The so-called ‘streaming wars’, just like any fiercely competitive exercise, is never static. To gain an advantage, to stand out in an ever-thickening crowd, participants need to change tactics, employ different strategies, zig when an opponent zags or come up with something entirely novel. And one of the most recent and interesting major changes has come from one of the game’s biggest players.
In March, Disney+ reported that it would introduce an advertising-supported subscription tier, which won’t be free but will cost less than the single $11.99/month subscription that they offer today. It will come to Australia (and much of the rest of the world) in 2023, but will launch in the United States later this year.
It’s an intriguing move in and of itself, but it’s particularly fascinating when you consider that Disney+’s biggest competitor, Netflix, is adamant that it has no interest in following suit.
What’s the strategy behind the new model? Disney’s CFO Christine McCarthy has been upfront about it: the goal is to tap into advertising demand while supporting consumer demand for high-quality streaming subscriptions under the $10/month mark.
Sounds good, but is there a potential downside? Yes. It’s what we might call cannibalisation – existing customers choosing to switch from the ‘premium’ plan to the ad-supported plan, which obviously leads to a decrease in revenue. But Disney will have accounted for this; they’ll be proceeding on the assumption that the revenue generated by selling ad slots will offset – and indeed surpass – the shortfall created by ‘downselling’.
Will it work? Well, as is so often the case when it comes to subscription businesses, finding the sweet spot will be imperative. In this case, that will be a happy medium between not so inexpensive that the maths doesn’t work and not so expensive that the price differentiation offers prospective customers no reason to choose it.
Avoiding an un-enticing price point will be relatively easy. What will require more prudence and consideration is how to extract maximum value from advertisers. Disney has always had excellent content – and it’s only improved with major acquisitions over the last ten years – so the fact there’s demand from advertisers is unsurprising. How they respond to that demand will be critical, however.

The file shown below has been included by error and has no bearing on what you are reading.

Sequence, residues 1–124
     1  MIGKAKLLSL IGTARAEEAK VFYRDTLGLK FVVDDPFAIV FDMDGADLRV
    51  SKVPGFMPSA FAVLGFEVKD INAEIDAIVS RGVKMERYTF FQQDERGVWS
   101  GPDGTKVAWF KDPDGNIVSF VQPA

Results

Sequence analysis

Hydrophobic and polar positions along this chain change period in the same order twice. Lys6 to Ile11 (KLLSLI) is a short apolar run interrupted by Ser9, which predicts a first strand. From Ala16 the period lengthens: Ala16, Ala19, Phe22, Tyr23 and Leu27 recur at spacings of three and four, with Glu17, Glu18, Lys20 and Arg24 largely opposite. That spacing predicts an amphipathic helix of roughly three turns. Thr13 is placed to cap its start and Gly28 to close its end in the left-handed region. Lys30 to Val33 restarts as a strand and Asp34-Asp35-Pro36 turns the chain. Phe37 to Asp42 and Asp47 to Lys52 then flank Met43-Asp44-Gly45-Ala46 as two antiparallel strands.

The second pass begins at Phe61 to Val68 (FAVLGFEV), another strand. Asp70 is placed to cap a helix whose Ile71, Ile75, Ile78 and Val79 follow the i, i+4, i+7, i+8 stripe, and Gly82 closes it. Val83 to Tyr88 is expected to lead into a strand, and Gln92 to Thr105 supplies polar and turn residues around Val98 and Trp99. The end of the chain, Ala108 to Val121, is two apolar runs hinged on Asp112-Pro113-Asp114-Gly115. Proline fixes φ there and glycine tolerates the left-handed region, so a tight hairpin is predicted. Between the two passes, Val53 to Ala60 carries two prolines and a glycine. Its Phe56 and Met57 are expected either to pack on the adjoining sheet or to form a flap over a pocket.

Opening the floodgates would, I think, be a dangerous move. Instead, they should (and I think very likely will) place very few ads throughout their programming. This strategy ensures maximum yield – the advertisers are paying a scarcity premium – but maintains high demand, making the whole change far more sustainable than it might otherwise be.
The other way they can make sustainability more likely is by attracting new customers, in addition to advertisers. And to do that, naturally, the company will need to compete with dozens of others, all of them aiming to attract TV and movie fans who are yet to sign up to their service. And this brings us back to Netflix.
They haven’t equivocated in their response to the Disney+ news: “We have no plans to introduce ads on Netflix. We believe that our members should control what and how they watch – across devices and with no interruptions for ads,” their PR Director for Australia and New Zealand said recently.
This puts the two organisations at philosophical odds on a fundamental component of their streaming offer. Netflix believes those who use their service don’t want their viewing punctuated by ads; Disney+ believes there is a significant proportion of this consumer segment who aren’t really bothered by ads and will gladly tolerate them in exchange for a lower subscription cost.
The stakes are high, though, and so are the risks. As with any significant shift in business model, one wrong move can turn a seemingly sensible shift into what history remembers as a bad miscalculation.
But if Disney proceeds with caution and can minimise cannibalisation, there’s a good chance that both approaches – theirs and Netflix’s – can exist, and even thrive, side-by-side.